After doing so the company has a longer period of time to pay off the same amount of debt, which often makes the company less likely to default. While Luz did not go into detail on why this is happening, she says that currently this lowering of risk is not factoring into the equation when the new longer term bonds are being issued. Because of this, the longer term bonds are offered at a higher yield than they should be in the primary market, and then immediately start trading at a lower yield when they come into the secondary market. This gives the bonds a nice pop in value immediately after Luz and her team purchase the bonds in the primary market.
Go with a shorter duration than the index.
A popular emerging markets bond index is the JPMorgan EMBI Global Diversified Index. As a result of the low interest rate environment, and as discussed above, many issuers are extending their maturity profiles. As a result, the average duration and interest rate risk in emerging markets is also increasing. This reflects in the index which now has a duration of 7.32.
Because interest rates are so low globally right now, the risk is definitely skewed towards interest rates rising. This, combined with the fact that you are getting very little additional yield in longer term bonds, means that investors should look to lower their duration in comparison to the index.
Luz and her team are practicing what they are preaching here, as the DoubleLine emerging markets fund has a duration of 4.66, significantly lower than the index.
Hedge your portfolio with shorter-term credits in case of crisis.
In addition to helping to lower the duration of your emerging market bond portfolio, investing a portion of the portfolio in short-term bonds gives you a lot of flexibility. If there is a crisis or other reason that causes emerging market yields to spike, your short-term bonds should not be affected as much as your longer-term bonds. Secondly, because they mature faster, the money invested in your short-term emerging market bonds will be freed up faster so you can take advantage of higher yields as they present themselves.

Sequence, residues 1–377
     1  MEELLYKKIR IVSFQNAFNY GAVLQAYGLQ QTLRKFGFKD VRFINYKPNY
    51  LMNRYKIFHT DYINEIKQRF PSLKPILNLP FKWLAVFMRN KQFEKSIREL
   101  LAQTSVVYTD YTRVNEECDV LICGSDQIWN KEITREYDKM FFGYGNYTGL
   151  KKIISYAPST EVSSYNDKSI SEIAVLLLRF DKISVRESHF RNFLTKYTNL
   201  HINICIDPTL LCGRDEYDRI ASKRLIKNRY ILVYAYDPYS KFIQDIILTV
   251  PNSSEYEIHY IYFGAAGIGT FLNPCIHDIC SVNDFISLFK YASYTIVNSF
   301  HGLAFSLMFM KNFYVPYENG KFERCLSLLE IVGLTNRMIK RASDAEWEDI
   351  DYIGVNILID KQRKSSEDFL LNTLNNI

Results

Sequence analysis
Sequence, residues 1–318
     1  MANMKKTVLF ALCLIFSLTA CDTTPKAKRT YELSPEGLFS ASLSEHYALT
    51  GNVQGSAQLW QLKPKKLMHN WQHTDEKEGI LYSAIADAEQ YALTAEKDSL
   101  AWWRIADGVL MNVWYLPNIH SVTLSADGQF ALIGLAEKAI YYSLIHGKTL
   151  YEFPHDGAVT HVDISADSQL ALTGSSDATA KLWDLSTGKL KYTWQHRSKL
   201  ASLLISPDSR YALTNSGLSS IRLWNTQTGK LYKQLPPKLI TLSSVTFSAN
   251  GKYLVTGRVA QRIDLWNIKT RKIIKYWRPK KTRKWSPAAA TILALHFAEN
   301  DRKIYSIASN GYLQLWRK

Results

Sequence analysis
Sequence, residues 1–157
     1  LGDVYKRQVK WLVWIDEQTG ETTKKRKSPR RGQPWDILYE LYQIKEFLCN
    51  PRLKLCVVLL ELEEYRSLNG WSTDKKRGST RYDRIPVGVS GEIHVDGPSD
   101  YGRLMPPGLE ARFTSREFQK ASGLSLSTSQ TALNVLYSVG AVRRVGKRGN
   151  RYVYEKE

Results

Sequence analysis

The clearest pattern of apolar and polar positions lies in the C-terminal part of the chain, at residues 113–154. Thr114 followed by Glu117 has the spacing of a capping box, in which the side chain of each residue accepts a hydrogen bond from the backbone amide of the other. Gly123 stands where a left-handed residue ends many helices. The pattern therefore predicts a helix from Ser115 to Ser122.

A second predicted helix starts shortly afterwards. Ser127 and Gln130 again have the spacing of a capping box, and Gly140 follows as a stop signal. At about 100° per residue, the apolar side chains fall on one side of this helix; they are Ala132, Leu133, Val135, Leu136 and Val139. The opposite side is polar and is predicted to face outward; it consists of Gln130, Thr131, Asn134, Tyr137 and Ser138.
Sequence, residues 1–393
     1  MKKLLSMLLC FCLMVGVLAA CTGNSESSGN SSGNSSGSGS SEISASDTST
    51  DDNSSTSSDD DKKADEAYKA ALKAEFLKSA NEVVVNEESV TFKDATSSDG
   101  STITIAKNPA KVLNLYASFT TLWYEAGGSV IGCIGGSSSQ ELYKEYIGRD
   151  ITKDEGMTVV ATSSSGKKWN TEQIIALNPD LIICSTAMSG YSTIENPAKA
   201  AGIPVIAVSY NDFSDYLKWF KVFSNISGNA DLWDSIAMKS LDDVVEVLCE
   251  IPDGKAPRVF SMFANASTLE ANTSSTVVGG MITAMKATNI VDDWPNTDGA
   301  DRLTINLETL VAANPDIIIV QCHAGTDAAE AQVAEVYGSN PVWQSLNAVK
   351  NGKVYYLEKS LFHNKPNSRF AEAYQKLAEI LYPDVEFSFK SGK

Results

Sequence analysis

So, which emerging market bonds should you be looking at?
As far as industries, Luz likes getting exposure to industries that make the economy tick. As you can see from the graph below, they are currently invested heavily in sectors like banking and mining, two keys to the success of many emerging market economies.
You can see which countries Luz feels there is the most value currently by looking at the country breakdown of The DoubleLine Emerging Markets Bond fund below:
How can investors take advantage of these opportunities?
If you like what you are reading above, then the easiest way to get exposure is to invest in the DoubleLine Emerging Markets Fund (DLENX). If you would like more flexibility then you can also check out some of the emerging market bond ETFs like the EMB, PCY, and ELD. Unfortunately, however the emerging market ETFs are still pretty broad based in terms of the exposure that they are giving. With this in mind if you want exposure to specific markets, and to manage the portfolio yourself, you are likely better off going with a broker that can provide access to emerging market bonds. Examples would be Peter Schiff's Euro Pacific Capital and EverBank Direct.
Bill Gross is another bond pro who has been talking about emerging markets a lot recently. Read what he has to say here.